Duke Energy will spend about $5.4 million to resolve longstanding federal air pollution violations at five North Carolina power plants.
The Environmental Protection Agency and Justice Department announced the settlement Thursday of a federal lawsuit filed against Duke in 2000. A trial had been set to begin in Greensboro next month.
The EPA said Duke illegally modified the power plants, increasing their emissions, without also upgrading air pollution controls. The U.S. Supreme Court agreed with the agency’s interpretation of the rules in 2007.
“This settlement brings five more power plants into compliance under EPA’s national initiative to cut pollution from the country’s largest sources,” said Cynthia Giles, assistant administrator for enforcement. “After many years, we’ve secured a strong resolution, one that will help reduce asthma attacks and other serious illnesses for the people of North Carolina.”
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Duke has long argued that the modifications were part of routine maintenance that did not require pollution control improvements.
Duke said in a statement that it “denies the alleged violations, maintains it complied fully with federal law, and is agreeing to settle the case solely to avoid the costs and uncertainties of continued litigation.”
The costs of continuing to fight the federal lawsuit would have exceeded the terms of the settlement, Duke said.
The settlement was part of an EPA initiative to reduce emissions from major sources, including coal-fired power plants, under Clean Air Act provisions. The EPA has sued more than 30 electric utilities on similar grounds since 2000 and has resolved most of the litigation.
The federal lawsuit initially focused on 25 units at Duke coal-fired power plants. The government dismissed claims against 12 of them.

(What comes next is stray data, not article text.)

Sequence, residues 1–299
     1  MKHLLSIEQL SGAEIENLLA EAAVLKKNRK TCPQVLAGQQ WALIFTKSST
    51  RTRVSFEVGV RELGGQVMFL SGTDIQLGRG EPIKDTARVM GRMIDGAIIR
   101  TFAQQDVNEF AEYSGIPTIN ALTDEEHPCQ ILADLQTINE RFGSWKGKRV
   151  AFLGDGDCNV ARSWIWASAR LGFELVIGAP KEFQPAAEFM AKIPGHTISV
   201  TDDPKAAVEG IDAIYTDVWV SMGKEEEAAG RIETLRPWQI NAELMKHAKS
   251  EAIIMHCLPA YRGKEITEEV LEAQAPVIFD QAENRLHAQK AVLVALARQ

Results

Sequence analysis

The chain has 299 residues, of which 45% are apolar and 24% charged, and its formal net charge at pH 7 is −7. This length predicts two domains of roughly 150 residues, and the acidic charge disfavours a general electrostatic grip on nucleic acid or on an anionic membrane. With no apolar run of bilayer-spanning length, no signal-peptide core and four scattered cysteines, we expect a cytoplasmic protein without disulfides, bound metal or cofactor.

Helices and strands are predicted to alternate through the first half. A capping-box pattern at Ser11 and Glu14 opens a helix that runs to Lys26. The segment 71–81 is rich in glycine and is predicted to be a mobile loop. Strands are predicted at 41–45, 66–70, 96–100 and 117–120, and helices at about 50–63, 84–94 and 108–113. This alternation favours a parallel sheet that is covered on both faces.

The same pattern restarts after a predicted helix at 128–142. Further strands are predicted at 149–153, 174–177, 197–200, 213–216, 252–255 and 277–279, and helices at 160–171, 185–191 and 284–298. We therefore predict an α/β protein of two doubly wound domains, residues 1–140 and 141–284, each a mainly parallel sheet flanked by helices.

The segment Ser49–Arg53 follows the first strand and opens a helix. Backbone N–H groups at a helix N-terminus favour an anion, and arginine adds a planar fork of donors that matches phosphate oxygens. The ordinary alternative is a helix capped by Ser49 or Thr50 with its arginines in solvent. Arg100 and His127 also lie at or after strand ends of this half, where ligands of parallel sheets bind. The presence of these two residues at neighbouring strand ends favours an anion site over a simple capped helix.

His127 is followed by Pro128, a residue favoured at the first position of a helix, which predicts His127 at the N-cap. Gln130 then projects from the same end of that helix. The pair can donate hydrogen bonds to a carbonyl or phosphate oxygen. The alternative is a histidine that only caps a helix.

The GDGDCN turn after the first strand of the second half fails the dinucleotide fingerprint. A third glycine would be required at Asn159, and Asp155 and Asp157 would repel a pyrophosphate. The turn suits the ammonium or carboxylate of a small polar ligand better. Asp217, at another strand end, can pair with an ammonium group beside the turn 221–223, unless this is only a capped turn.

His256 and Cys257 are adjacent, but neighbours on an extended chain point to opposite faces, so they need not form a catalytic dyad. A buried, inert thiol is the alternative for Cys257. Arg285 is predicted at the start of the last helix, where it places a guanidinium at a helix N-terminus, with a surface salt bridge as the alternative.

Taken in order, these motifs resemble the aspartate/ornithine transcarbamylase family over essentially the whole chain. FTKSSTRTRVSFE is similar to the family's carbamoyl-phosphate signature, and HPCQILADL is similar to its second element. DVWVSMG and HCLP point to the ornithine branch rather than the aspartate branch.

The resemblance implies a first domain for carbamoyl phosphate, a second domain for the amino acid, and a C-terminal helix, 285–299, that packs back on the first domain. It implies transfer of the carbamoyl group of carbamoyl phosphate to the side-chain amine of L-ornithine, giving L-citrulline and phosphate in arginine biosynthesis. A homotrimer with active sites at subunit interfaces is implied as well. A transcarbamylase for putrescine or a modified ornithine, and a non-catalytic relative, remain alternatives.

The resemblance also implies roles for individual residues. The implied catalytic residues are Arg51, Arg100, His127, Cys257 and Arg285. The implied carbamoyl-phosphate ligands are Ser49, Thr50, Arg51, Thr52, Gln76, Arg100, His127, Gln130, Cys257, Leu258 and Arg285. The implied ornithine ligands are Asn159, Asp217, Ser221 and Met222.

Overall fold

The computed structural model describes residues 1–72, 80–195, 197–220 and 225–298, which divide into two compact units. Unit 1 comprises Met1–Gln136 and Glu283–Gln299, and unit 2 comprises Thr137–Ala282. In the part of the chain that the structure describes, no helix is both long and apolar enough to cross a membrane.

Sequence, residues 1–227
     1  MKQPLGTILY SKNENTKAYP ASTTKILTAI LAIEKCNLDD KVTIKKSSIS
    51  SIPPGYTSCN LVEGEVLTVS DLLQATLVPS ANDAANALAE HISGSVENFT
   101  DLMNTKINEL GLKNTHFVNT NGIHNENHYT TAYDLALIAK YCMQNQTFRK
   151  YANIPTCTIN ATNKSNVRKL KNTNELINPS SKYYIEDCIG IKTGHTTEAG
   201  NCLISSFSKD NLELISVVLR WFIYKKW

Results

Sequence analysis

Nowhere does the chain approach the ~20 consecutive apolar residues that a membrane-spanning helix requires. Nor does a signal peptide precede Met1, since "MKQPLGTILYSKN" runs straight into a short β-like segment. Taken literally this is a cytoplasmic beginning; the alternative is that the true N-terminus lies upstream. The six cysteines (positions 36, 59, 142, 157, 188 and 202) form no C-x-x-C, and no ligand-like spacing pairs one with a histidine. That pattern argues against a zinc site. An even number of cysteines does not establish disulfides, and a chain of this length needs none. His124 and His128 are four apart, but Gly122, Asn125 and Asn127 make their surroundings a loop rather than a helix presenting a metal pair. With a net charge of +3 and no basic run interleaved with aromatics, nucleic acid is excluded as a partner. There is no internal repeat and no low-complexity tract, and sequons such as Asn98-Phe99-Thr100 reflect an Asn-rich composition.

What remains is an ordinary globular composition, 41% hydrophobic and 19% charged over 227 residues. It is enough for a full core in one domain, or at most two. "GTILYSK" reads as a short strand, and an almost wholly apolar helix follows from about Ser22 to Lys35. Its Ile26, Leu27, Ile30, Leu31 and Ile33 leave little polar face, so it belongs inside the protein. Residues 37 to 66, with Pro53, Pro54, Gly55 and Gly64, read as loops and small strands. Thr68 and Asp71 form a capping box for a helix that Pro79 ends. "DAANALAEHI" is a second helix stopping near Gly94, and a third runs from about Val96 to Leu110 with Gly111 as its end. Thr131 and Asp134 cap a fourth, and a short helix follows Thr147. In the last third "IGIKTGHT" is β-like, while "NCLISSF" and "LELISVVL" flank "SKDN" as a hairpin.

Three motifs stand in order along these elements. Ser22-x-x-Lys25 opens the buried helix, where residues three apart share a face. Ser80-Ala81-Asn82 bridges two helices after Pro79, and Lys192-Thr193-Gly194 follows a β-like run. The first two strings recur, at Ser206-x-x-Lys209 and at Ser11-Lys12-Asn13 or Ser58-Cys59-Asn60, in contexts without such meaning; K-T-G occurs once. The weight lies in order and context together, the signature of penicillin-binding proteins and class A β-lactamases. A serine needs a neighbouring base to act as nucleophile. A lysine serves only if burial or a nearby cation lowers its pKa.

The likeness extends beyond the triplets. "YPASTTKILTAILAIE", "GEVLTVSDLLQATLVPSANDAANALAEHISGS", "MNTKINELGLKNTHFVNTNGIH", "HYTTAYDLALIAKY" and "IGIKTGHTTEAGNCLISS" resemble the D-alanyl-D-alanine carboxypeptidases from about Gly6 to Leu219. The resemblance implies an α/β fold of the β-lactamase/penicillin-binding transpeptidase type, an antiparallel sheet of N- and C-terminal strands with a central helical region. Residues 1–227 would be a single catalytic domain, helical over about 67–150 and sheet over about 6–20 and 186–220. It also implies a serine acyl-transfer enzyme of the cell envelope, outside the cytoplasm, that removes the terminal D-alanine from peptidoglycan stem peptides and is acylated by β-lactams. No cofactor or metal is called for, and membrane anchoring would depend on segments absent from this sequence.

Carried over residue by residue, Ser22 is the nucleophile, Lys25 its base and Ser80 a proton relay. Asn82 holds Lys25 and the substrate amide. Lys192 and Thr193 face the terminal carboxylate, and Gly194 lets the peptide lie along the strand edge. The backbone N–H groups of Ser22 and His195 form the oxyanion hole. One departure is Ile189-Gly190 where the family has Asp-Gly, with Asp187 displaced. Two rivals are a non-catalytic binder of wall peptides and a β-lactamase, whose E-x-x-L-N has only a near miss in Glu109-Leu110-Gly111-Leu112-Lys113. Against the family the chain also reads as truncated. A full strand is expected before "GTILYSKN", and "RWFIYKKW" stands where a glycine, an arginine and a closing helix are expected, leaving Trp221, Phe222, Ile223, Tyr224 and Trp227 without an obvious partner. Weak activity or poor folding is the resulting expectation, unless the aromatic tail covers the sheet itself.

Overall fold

The remaining 13 units are at the Riverbend plant west of Charlotte, Allen in Gaston County, Buck in Rowan County, Cliffside in Rutherford County and Dan River in Rockingham County. Duke has already shut down 11 of the units.
Duke agreed in the settlement to operate pollution controls and meet interim emission limits at the remaining two units at the Allen plant before retiring them by 2024. It will retire a third unit by 2024.
The three units had already been scheduled for retirement in 2028. Shutting them down will leave two operating units at Allen but cut the plant’s output by about half, Duke said.
The agreement will reduce sulfur dioxide and nitrogen oxide emissions from Allen by 2,300 tons a year, EPA said. Sulfur dioxide contributes to haze and acid rain. Nitrogen oxides form ozone. Both form fine particles that can damage the heart and lungs.
Duke will pay a $975,000 fine and and spend $4.4 million on environmental projects. The projects will include energy efficiency projects in distressed parts of the Carolinas, donations to the National Park Service and U.S. Forest Service and, potentially, installation of electric vehicle charging stations.
The advocacy groups Environmental Defense, the North Carolina Sierra Club, and Environment North Carolina were co-plaintiffs in the case. The groups became involved after what they depict as attempts by former President George W. Bush’s administration to undercut the case.
“This case is being resolved in a way that cleans the air breathed by millions of Carolinians,” said Blan Holman of the Southern Environmental Law Center, which represents the groups. “This case endured efforts by the Bush-Cheney administration to stifle the cleanup of coal plants, and underscores the essential role of citizen enforcement as a backstop to protect our nation’s air and water from illegal pollution.”